Did the thought of your debt keep you up all night?
Did you wake up feeling stressed today?
Let me know if this is true…
You want to pay off debt, but something comes up, and you’re head over heels in debt.
You realize that debt is the worst poverty, but you don't know the way out of it.
You feel your credit card is putting you behind financially
You feel ashamed, guilty, worried, frustrated, and uncomfortable thinking about your retirement
Let me tell you…you’re not ALONE…it happens with all of us.
According to creditcards.com, an average American credit card debt is about $15,950, while 39% of Americans' debt goes up with each passing month. A study reveals that, on average, a single household in America carries a credit card debt of about $8398. In a broader aspect, debt is not just limited to credit card debt, but it also includes mortgage, student loan, personal loan, and auto loan. A Federal Reserve Board survey shows that, on average, an American student graduates with a huge debt amount of $40 000 as a student loan, and it even goes up to $100,000 for students pursuing higher degrees. When it comes to women, they hold about 2/3rd of U.S student debt which comes out as $929 billion. The figure is insane!
As a single/divorced woman, I understand it can be hard for you to do away with debt when you're an emotional spender. Things like life experiences, luxury vacations, expensive meals fancy you, so you end up living paycheck to paycheck. But here is something to ponder; being drowned in debt can not only handcuff you but can also leave long-lasting, devastating impacts on your psychological well-being. In the long run, emotions like anxiety, depression, stress, regret, and embarrassment can constantly make you feel guilty for not planning your retirement. And…with time, these emotions may become a permanent part of your personality.
Though it might be challenging to eliminate all of your debt, following my 5 steps, you can actually ditch your debt a lot sooner and enjoy your financial freedom.
Want to dig in? Let’s do this
If you’re frustrated with your steady mounting debt yet are scared to know your total debt amount, then this is the foremost step you need to take—calculating your total debt. Be it your student loan, auto loan, credit card loan, or personal loan—consider all of them. Once you've estimated the amount you owe, it's time to move on to the next step.
If you want to ditch your debt, change the spending habits that landed you in hot water in the first place. Be it about hanging out with friends, traveling across the globe, or having nice meals at restaurants, you must stick to your spending plan. Some old adages say "Live within your means" and "spend less than you earn" and many more that you might grow up listening to, and now it's high time to put them up in practice.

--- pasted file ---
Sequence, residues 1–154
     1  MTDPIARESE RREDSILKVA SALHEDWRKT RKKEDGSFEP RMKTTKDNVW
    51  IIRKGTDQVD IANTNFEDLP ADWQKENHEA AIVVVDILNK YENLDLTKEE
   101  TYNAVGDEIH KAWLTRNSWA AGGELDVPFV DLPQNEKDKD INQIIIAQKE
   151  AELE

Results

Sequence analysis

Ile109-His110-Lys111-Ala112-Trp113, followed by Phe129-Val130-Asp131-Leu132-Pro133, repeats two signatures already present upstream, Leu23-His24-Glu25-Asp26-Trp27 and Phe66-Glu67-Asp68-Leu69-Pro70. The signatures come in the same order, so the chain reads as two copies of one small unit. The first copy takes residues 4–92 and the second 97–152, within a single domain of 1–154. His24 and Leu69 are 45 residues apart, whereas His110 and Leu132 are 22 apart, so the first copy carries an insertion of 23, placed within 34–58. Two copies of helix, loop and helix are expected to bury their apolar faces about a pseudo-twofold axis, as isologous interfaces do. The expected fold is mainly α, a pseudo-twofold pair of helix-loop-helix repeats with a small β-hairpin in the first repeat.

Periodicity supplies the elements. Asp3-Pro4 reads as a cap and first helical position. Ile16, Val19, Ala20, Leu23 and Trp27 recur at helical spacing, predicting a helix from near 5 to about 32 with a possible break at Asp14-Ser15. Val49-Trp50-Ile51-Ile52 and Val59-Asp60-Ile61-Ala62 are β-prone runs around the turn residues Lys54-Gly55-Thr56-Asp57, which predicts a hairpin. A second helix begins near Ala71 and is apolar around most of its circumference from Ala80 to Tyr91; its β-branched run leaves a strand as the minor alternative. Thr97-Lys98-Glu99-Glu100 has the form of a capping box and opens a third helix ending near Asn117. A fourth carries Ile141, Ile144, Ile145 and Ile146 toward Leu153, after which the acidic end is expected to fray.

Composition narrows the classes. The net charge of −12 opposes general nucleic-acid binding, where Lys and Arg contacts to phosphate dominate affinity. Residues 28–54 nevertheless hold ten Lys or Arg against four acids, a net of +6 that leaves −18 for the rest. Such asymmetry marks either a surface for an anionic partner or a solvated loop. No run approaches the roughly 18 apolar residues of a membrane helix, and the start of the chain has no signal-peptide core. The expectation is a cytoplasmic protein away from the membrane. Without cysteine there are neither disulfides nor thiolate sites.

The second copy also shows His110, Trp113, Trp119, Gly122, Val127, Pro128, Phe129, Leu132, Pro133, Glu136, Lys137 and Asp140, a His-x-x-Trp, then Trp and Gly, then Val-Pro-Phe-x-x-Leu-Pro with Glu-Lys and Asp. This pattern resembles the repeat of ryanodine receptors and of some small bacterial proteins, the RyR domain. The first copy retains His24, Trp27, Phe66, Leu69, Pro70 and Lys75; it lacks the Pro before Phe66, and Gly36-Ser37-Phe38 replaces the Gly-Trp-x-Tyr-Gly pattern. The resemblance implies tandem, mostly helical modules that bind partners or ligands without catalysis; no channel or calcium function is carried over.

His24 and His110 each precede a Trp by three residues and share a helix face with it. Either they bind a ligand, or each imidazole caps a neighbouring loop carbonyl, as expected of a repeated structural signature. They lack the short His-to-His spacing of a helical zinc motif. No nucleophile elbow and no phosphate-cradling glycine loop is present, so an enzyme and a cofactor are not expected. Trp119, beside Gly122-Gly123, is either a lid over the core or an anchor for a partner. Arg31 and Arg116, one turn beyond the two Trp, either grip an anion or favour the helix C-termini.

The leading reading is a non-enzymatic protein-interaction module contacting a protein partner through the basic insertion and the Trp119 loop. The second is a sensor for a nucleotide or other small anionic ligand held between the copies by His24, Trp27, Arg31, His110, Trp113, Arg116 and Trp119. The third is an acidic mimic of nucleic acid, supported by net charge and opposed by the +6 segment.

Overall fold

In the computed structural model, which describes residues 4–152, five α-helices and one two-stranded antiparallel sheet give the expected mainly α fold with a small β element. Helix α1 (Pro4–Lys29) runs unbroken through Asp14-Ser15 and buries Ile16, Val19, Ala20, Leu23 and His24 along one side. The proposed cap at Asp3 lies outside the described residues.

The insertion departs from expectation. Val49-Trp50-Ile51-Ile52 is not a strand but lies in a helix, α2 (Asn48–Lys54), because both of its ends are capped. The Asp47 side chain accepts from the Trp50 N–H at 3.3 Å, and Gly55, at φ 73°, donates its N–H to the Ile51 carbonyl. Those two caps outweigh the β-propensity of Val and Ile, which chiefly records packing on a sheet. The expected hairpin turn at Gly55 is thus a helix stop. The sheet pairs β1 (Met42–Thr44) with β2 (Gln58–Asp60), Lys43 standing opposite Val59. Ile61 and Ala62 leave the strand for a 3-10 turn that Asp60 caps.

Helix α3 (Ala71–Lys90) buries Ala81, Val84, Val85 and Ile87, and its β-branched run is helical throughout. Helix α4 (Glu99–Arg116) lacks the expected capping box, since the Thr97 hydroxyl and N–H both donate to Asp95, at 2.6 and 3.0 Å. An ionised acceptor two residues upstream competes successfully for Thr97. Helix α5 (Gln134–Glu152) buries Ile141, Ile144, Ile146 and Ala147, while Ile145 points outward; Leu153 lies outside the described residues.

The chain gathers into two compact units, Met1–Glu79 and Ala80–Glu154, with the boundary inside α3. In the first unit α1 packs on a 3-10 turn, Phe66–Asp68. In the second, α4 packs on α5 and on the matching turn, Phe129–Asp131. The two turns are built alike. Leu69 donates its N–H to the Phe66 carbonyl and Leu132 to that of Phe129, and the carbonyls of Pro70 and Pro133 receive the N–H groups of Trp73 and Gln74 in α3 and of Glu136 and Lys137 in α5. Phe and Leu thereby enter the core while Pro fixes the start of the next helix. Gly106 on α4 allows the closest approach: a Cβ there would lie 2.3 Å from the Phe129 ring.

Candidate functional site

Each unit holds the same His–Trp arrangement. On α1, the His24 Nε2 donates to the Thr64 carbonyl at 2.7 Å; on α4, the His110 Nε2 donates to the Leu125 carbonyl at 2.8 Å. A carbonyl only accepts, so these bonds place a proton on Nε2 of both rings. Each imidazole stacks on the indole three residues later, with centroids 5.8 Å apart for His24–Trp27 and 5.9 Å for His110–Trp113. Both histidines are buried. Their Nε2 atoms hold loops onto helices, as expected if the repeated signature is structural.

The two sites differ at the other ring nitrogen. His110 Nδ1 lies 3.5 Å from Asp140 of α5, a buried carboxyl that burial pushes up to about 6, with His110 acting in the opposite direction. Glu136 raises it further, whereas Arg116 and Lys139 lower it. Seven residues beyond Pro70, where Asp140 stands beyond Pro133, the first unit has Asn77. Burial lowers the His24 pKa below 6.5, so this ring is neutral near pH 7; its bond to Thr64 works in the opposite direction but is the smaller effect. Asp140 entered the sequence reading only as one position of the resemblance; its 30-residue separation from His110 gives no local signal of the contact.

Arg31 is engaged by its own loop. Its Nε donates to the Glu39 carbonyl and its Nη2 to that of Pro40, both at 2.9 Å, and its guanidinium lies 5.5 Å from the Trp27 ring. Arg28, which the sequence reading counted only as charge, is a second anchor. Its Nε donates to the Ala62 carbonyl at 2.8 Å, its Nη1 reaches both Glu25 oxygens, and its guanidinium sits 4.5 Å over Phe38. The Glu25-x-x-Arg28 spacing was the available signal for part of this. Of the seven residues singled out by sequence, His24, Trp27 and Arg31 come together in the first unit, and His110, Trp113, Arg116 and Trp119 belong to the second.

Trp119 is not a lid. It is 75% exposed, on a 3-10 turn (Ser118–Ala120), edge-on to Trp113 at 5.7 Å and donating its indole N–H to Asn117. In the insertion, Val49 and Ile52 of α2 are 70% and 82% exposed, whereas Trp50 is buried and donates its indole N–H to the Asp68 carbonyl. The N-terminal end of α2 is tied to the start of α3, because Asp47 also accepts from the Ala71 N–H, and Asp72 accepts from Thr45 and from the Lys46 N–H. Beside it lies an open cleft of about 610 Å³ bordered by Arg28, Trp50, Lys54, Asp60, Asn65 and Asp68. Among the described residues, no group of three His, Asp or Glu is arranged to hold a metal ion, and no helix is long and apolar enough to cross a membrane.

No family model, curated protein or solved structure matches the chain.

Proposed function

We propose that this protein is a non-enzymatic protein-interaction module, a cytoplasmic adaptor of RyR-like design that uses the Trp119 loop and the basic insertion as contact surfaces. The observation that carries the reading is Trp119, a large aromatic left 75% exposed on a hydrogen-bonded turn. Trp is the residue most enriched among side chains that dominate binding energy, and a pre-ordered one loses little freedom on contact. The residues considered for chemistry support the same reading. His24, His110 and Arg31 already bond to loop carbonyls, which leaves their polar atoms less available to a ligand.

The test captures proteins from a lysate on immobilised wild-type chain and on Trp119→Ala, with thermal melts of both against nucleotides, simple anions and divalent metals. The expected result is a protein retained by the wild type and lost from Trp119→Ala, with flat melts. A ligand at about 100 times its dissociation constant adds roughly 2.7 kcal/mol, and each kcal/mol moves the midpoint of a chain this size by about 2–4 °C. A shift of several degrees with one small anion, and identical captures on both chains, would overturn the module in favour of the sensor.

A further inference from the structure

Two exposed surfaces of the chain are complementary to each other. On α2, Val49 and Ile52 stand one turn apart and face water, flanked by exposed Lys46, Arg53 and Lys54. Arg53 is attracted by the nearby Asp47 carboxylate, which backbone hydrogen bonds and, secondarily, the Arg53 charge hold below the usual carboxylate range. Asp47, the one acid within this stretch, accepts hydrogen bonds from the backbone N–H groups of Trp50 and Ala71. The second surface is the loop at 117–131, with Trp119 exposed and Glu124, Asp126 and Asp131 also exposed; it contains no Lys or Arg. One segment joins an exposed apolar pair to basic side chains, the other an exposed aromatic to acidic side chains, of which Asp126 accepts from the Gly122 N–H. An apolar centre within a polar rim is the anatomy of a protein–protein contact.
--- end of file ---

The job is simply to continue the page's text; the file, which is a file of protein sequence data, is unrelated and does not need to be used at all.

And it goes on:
If your current expenses are twice or thrice of your earning, then it’s time for you to make some extra cash. If taking on a second job feels exhausting, there is another short-term stint to multiply your earnings. If you're good at web development, graphic designing, coding, or writing, you can sell your skills online and earn some bucks to kick off your debt. Or if you don't have any such skills, you still can make cash by renting out a room on Air BnB or selling old clothes or other stuff. These are just some of the ideas, but ultimately, it's you only who know how to get away with this.
If currently, you're paying off high-interest debt, then considering debt consolidation can help you lower your interest rate loan. With debt consolidation, you can lend a personal loan from a bank or any reputable lender and use that amount to pay off all of your debt right away. Now, you’ll have just a single loan to pay off instead of multiple; it will surely make your life easier to manage just a single monthly payment. Moreover, it will be a bonus point if you can find a person with a good credit score willing to cosign for you. This way, not only could you qualify for a lower interest rate, but also you could save some money for your emergency fund.
Kicking off your debt isn't going to be an easy journey; hence, it's essential to stay true to the purpose. Don't let your motivation fade away or be fooled by the desire to spend emotionally. To stay focused on your purpose, think about your short and long-term financial goals and how they could bring a difference in your life. While it's essential to stick to the plan, it's also critically important to track your progress. Even if you have progressed incrementally, it's still a remarkable one. Keeping a weekly, monthly, or quarterly track of how you're doing will not only help you assess how much you have paid and how much you still owe but will also boost your morale to keep striving for your better future.
If you’re still struggling to get started; Please feel free to reach out. Let’s sit together and have an honest heart-to-heart conversation to figure out your action plan. Click here to book your consultation. Let's do this!
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